“I’m not saying we want to transport felons, but there are other kinds of prisoners that we could house in Durango, if we bumped up against [temporary overcrowding]…
“I submit that you go back to what your needs assessment was, add Dispatch in there, and cut $5 million off this project.”
I assume Mr. Ford was here referring to the needs assessment done by the County staff two years ago, before the architects got their hands on this project and greatly expanded the sizes of the buildings.
Following a roof leak in April 2015, we heard from the BOCC that the jail, which had been poorly maintained for at least 20 years, was going to be completely abandoned, and that the taxpayers were going to have to pony up for a new County jail and for new and expanded Sheriff’s offices. The west wing of the old Courthouse was a total loss and could not be renovated. Or so we were told.
The BOCC then published a study of the expanded space requirements that would be needed in the new facility, now in the planning stages. Here’s the “expanded space needs” report developed by the County staff.
The jail needed to be slightly larger: 10,000 square feet. The Sheriff needed about 6,000 square feet. Then the BOCC hired architects to verify those numbers.
What a difference two years can make. The planned $27 million tax increase measure approved by two of the three commissioners on Tuesday is based on a Sheriff’s office that measures 13,000 square feet — nearly four times the amount of space occupied by the Sheriff in 2015 — and a jail that is twice the size of the current (but abandoned) jail facility.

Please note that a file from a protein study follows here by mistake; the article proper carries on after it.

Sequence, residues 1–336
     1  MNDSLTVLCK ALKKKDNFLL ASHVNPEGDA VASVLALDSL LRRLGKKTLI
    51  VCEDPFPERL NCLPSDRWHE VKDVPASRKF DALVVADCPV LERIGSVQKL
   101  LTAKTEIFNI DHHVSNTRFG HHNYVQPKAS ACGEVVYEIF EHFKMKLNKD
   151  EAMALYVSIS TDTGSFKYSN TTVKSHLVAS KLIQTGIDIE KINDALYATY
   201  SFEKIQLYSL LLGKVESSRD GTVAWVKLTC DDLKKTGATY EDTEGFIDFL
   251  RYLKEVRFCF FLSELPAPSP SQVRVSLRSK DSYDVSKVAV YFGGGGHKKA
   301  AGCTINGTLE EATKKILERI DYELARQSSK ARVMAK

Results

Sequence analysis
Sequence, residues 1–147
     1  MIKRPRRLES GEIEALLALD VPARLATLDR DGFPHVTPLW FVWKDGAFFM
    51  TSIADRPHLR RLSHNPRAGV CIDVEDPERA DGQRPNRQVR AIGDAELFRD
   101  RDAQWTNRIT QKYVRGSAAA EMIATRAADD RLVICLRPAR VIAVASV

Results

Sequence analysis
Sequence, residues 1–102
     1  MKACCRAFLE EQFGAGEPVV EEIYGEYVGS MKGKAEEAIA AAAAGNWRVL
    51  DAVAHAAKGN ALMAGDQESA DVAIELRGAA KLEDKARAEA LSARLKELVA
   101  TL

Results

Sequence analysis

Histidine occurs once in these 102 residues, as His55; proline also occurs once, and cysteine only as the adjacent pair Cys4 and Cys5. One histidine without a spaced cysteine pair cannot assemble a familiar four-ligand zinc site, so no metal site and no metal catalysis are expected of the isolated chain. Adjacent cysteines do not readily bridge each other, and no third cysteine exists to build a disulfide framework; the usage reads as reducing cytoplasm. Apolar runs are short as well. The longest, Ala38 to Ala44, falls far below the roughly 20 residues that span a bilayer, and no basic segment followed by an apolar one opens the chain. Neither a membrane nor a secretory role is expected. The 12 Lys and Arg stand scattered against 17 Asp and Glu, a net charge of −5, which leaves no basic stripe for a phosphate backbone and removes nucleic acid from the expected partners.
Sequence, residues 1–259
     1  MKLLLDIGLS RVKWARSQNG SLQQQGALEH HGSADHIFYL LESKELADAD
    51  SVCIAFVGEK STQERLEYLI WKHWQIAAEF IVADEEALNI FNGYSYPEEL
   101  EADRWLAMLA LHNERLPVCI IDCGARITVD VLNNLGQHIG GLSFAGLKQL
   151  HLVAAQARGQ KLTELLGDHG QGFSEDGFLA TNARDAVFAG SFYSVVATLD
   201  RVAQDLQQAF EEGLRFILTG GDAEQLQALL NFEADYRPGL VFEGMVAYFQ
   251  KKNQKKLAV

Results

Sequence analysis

Mr. Ford noted that many Colorado counties benefit from oil and gas revenues, or revenues from mining or gambling. Archuleta County is basically limited to taxes paid by local residents and visitors.
“So we’re limited to the amount of taxes we can raise. Don’t use them all for a jail and Sheriff’s offices.”
“I’m convinced we need a new jail. I helped you guys find a new piece of property. I’m continuing to work with [County attorney Todd Starr]. I’m not totally against a new jail.
“But by sizing the facility this way, you took somebody who was a believer and a helper into somebody who is a ‘No’ vote. There is no way I can look at this scale, and concluded that you guys are being fiscally responsible.”
Tomorrow, we’ll take a look at possible loopholes written into the ballot language itself, courtesy of questions posed by local taxpayer Cynda Green.